The head of broadcasting at the Tokyo Games pushed the mantra of "Sport appeal, not sex appeal," trying to filter overly sexualized images of female athletes to avoid them from being sexualized.

In an effort to reach gender equity on the field of play and on-screen, the Olympic broadcasting team aimed not only to set the highest level of television standards but also to maintain the images of athletes especially those who are prone to a wardrobe malfunction.

According to Yahoo Sports, Olympic Broadcasting Services chief executive Yiannis Exarchos shared Monday that their coverage would be a different experience. Exarchos said that the audience in their coverage would not see things that they have been seeing in the past, pointing out the details and close-up shots on parts of the body of athletes.

The goal of this year's Olympic broadcast team could be difficult especially with state-of-the-art technology filming sports that they currently have. Female athletes participating in sports such as beach volleyball, gymnastics, swimming, and track and field wore their scant and skimpy uniforms, which would be hard for the broadcasting team.

However, Exarchos stated that what they could do is to make sure that their coverage would not highlight or feature in any particular way what people were wearing.

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Athlete's Protests Gaining Public Support

To achieve their goal, the International Olympic Committee or the IOC updated their "Portrayal Guidelines" to steer all Olympic sports and their rights holders toward "gender-equal and fair" broadcasts of their events. The updated guidelines includes verring away from focusing "unnecessarily on looks, clothing or intimate body parts" and reframing or deleting a "wardrobe malfunction ... to respect the integrity of the athlete."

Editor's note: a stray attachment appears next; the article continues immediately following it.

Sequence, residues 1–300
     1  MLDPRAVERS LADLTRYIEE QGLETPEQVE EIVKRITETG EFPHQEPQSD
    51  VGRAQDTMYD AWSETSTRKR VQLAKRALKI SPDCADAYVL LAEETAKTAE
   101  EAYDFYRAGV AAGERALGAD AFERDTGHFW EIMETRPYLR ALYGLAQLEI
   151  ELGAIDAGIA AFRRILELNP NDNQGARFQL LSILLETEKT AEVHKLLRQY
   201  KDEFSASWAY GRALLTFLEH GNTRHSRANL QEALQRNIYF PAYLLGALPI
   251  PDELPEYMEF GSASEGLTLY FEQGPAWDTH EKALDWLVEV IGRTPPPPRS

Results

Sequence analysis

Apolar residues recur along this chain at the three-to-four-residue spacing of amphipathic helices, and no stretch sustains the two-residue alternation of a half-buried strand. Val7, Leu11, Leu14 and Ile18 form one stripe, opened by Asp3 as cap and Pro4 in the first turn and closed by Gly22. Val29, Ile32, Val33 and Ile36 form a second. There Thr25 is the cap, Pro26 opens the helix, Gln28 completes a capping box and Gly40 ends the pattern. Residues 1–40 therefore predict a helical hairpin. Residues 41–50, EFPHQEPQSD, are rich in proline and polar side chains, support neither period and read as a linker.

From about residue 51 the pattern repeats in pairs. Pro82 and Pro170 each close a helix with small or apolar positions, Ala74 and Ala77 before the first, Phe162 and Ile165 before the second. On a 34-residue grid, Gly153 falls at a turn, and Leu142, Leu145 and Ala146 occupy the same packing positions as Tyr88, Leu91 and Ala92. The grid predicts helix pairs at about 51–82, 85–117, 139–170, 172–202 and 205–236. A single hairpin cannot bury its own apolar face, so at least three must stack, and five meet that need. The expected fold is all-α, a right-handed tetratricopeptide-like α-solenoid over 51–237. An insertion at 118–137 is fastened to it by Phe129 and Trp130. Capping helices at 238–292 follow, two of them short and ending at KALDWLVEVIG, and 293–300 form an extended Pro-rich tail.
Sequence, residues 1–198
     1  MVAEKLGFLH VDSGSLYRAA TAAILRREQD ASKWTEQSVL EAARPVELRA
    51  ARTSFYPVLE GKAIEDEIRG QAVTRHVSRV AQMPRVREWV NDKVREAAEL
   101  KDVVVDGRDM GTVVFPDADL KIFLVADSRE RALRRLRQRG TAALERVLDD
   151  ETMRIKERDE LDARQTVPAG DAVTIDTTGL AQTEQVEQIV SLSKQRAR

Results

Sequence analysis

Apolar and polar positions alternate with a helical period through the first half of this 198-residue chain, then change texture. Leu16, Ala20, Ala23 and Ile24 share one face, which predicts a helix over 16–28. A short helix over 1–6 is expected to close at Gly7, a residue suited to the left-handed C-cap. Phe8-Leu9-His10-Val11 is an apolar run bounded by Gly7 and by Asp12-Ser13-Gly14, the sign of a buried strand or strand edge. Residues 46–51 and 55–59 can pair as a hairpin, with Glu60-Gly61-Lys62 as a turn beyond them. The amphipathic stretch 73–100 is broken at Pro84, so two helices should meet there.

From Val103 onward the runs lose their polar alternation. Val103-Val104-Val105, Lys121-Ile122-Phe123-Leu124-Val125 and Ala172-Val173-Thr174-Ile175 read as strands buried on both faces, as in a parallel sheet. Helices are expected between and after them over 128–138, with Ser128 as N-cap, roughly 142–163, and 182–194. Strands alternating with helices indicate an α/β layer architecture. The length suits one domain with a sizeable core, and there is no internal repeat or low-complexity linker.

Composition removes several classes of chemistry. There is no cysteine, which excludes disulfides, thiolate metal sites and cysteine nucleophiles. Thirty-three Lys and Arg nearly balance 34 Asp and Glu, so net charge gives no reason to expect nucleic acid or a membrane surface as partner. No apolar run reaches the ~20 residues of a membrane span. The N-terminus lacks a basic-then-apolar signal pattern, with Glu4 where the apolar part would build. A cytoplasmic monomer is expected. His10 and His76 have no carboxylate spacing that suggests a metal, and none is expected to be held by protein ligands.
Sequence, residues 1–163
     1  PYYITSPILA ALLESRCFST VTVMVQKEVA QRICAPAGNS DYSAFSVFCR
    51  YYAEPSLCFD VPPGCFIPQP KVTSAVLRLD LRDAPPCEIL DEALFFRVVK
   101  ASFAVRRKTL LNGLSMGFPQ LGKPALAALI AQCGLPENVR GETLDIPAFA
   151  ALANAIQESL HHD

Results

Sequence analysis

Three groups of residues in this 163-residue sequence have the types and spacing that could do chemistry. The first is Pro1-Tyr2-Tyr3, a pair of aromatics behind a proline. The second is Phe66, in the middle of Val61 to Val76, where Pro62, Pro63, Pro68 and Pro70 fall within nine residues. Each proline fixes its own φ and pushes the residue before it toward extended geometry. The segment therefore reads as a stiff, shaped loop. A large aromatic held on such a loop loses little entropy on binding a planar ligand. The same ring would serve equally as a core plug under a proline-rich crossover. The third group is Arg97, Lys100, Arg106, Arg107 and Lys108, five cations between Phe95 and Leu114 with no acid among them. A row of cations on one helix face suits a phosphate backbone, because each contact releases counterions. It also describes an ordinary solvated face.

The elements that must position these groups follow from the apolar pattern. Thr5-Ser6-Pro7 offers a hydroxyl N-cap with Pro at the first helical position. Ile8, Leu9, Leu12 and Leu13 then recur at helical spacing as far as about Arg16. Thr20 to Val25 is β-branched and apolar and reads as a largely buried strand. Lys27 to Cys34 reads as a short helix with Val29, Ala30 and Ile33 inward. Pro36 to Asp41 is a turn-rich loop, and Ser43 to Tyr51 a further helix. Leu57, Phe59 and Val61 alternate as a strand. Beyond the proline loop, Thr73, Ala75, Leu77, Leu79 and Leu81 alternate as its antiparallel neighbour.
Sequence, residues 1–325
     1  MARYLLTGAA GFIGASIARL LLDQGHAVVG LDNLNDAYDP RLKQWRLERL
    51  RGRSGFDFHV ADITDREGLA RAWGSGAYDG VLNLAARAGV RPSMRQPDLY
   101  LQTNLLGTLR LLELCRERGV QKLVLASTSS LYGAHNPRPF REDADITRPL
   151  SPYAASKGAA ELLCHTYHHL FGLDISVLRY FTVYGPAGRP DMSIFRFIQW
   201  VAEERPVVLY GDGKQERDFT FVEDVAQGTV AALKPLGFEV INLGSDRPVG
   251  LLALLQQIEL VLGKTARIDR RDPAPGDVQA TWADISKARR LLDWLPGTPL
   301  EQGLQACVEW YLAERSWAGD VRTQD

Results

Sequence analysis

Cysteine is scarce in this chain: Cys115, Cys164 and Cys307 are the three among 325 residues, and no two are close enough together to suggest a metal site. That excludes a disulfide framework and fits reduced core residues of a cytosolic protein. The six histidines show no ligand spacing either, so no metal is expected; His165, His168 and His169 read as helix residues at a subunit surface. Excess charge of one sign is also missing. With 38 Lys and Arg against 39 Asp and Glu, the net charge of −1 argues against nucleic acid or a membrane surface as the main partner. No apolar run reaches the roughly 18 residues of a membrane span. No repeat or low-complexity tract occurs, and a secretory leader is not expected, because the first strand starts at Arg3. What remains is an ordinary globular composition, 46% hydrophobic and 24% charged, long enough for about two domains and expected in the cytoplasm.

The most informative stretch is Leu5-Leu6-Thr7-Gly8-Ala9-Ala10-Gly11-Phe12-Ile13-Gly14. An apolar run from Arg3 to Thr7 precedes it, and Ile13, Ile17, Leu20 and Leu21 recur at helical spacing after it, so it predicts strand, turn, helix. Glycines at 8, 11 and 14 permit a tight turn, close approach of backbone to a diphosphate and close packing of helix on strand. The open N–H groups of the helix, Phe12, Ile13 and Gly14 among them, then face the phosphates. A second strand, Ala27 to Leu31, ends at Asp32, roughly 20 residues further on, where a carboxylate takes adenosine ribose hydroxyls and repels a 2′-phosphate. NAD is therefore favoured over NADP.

Also, Exarchos stated that the Olympic goals went beyond ending sexualized images, especially with the recent protests from athletes who stated that they didn't want their sexuality to be exploited.

Members of Germany's Gymnastic team sent a message against uniforms they believe exploit their sexuality by competing in Tokyo wearing unitards that covered their legs to the ankle.

A month before the Tokyo Games, a stronger protest was made during a European beach handball event when Norway's women's team refused to play in bikini bottoms and instead wanted to wear skin-tight shorts. The players were fined for breaking clothing rules imposed by the competition.

The news reached to the three-time Grammy Award winner, Pink, and wrote on her social media account on Saturday that she was supportive of the Norwegian team for protesting against the rules. Pink even offered to pay for the team's penalty during the said tournament's clothing violation. 

The International Olympic Committee stated that it did not govern those kinds of rules for individual sports, but said that they are running the OBS and controlling the broadcast output from Tokyo which is shown to the world, and that could be a possible solution.

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Written by Jess Smith

WATCH: Germany's women's gymnastics team wears full body unitards to fight sexualization at Tokyo Olympics - WKYC Channel 3